U.K. Business Secretary Vince Cable confirmed that the government is providing 1 billion pounds ($1.6 billion) of backing for a “business bank” to offer long-term financing to small and medium-sized companies.
“We need a new British business bank with a clean balance sheet and an ability to expand lending rapidly to the manufacturers, exporters and high-growth companies that power our economy,” Cable told the annual conference of his Liberal Democrat party in Brighton on England’s south coast today. He said the bank “will apply leverage through guarantees to support up to 10 billion pounds of finance to small and mid-sized business, a significant portion of all the lending currently available.”
Cable has long argued that a lack of funding is stopping businesses from expanding and helping the British economy to grow.
“Our leading banks are often anti-business, especially anti-small business,” Cable said. “They threw traditional relationship banking over the side and sold useless insurance and dodgy derivatives instead.”
The business bank, which will operate on a wholesale basis rather than lending directly, will aim to raise more than 1 billion pounds of private-sector funding, according to details given by Cable’s office. His Business Department is looking for a high-profile figure to lead the bank and intends to have it running within 18 months.
Cable’s ministry has looked at how Germany’s Kreditanstalt fuer Wiederaufbau, the state-owned development bank set up under the Marshall Plan in 1948, works to fund lending.
Cable said there was a need for “a demand stimulus” to help fight recession.
“That does not just mean pumping more money into the banks,” he said. “That great Liberal Keynes had exactly the right analysis of the problem we now have -- not enough spending power in the economy. And not only him -- but also the International Monetary Fund, who no one could accuse of financial irresponsibility, and the coalition understands this very well.”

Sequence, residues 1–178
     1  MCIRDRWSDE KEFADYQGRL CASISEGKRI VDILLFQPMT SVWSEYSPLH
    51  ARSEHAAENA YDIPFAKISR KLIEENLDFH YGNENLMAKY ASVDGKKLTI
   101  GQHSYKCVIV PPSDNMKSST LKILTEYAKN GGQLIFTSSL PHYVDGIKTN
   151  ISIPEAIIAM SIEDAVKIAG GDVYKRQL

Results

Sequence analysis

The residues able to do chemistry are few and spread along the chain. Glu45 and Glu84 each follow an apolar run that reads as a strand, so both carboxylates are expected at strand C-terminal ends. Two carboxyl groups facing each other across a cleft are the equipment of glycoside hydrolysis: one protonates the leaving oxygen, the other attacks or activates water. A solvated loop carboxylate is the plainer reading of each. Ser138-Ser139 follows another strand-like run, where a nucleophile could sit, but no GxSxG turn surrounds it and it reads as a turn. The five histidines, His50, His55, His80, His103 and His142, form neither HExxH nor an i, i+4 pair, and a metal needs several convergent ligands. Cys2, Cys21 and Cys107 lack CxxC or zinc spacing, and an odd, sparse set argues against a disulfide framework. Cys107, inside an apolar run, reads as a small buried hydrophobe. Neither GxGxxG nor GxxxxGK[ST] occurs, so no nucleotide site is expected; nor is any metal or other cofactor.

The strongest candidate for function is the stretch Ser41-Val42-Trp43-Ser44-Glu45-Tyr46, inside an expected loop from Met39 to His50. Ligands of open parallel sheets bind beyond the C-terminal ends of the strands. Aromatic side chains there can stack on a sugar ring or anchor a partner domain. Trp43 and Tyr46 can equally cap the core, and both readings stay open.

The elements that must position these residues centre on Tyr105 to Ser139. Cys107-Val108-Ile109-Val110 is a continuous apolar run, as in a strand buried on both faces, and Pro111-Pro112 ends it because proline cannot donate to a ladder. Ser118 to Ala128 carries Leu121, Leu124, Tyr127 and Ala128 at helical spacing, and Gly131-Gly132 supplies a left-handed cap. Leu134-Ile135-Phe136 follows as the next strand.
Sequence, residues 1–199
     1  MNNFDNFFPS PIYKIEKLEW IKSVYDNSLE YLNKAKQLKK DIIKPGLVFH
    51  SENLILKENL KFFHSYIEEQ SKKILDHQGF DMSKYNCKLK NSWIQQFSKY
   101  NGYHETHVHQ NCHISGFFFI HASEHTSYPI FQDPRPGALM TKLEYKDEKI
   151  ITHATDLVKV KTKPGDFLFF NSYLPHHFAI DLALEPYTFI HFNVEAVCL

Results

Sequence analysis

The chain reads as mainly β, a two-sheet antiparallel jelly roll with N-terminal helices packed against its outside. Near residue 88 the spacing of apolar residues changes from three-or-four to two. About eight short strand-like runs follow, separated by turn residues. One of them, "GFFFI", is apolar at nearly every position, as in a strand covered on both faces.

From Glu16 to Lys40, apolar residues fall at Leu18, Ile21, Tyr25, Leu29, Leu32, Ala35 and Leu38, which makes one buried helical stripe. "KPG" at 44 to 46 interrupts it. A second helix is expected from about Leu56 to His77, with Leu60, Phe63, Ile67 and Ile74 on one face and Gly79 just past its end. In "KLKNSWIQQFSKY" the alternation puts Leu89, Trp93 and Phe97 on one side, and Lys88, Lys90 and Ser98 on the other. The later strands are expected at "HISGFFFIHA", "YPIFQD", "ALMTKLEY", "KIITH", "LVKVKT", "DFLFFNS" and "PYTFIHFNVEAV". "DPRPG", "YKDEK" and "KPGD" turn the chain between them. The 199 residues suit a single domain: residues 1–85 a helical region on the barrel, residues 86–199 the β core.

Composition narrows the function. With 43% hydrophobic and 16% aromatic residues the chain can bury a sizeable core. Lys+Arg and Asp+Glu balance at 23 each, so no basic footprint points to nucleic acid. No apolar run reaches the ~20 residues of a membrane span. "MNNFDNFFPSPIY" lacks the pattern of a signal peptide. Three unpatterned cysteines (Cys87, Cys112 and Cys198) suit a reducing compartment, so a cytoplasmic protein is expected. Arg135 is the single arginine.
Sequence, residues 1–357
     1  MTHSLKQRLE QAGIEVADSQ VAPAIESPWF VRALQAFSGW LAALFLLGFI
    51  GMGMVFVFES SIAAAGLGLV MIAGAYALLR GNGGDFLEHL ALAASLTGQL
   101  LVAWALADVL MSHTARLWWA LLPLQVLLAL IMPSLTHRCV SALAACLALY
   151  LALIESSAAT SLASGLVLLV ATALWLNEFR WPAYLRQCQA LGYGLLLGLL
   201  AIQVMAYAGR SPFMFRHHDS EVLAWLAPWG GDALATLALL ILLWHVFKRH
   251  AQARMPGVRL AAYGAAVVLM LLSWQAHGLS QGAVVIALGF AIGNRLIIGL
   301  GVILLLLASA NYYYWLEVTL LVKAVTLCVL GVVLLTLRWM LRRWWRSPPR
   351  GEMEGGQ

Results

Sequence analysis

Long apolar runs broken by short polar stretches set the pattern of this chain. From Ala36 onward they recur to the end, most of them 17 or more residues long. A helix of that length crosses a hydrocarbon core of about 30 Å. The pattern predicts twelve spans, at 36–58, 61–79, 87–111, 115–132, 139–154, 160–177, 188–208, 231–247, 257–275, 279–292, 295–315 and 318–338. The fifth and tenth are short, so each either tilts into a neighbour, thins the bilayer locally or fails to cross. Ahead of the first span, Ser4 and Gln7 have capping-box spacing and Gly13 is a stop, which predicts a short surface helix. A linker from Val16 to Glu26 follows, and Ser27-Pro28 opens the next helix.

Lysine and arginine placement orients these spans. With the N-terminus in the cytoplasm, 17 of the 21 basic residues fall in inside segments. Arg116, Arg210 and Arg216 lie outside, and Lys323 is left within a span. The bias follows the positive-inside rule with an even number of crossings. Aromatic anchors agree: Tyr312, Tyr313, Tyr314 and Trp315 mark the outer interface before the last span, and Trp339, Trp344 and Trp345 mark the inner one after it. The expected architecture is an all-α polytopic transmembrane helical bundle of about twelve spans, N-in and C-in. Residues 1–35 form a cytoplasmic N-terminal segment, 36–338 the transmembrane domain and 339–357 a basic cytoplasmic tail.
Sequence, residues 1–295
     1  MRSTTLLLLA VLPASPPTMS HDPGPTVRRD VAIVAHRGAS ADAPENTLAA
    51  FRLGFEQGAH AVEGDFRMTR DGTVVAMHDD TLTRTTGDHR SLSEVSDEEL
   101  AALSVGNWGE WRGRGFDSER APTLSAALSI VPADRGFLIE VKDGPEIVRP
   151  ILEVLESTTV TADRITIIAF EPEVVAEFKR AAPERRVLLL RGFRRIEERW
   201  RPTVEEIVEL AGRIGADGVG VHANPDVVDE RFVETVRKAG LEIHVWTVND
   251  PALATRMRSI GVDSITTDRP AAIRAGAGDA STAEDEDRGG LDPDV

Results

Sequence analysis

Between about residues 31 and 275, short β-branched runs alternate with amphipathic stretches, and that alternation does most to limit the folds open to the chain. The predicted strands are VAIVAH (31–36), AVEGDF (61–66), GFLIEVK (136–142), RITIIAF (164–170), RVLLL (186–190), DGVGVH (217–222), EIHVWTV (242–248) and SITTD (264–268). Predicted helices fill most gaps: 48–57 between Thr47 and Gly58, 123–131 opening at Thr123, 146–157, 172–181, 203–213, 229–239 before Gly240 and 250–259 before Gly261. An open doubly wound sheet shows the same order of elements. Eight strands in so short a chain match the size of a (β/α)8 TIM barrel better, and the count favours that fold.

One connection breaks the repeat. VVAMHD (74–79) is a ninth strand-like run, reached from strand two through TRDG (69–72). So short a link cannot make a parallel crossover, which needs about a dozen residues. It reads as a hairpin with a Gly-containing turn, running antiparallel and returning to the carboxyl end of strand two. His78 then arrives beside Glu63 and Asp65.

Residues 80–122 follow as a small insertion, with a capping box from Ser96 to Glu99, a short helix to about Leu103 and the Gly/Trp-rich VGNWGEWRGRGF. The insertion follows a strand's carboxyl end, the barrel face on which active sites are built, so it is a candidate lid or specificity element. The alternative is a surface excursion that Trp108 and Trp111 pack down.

Cable called for “an aggressive program of house building by housing associations and local councils, with government providing guarantees so they can build, in large numbers, now.”
Cable acknowledged yesterday that government efforts to increase lending had struggled. He told Liberal Democrat activists in Brighton that banks are trying to reduce their exposure to risks and are reluctant to lend against commercial property, the main asset of many businesses.
“When I start haranguing them, as I do, the chief executives say: ‘Do you really want us to get back into the same kind of problems we had before?”’ Cable said.
“Public anger at the greed and stupidity in this industry will continue for a long time,” the business secretary said in his speech today. “But I am looking forward to and I want to work with the new generation of sensible bankers to support the real economy.”
The business secretary said the government’s Funding For Lending program, introduced in August, had been more successful in increasing mortgage availability than in helping businesses.
The opposition Labour Party expressed skepticism about Cable’s plan.
“It is crucial that this business bank is more than merely a rebadging of existing schemes, but that it gets credit to profitable firms that can’t access it,” Labour’s business spokesman, Chuka Umunna, said in an e-mailed statement. “It is far from clear whether ministers want to create the kind of institution which is needed.”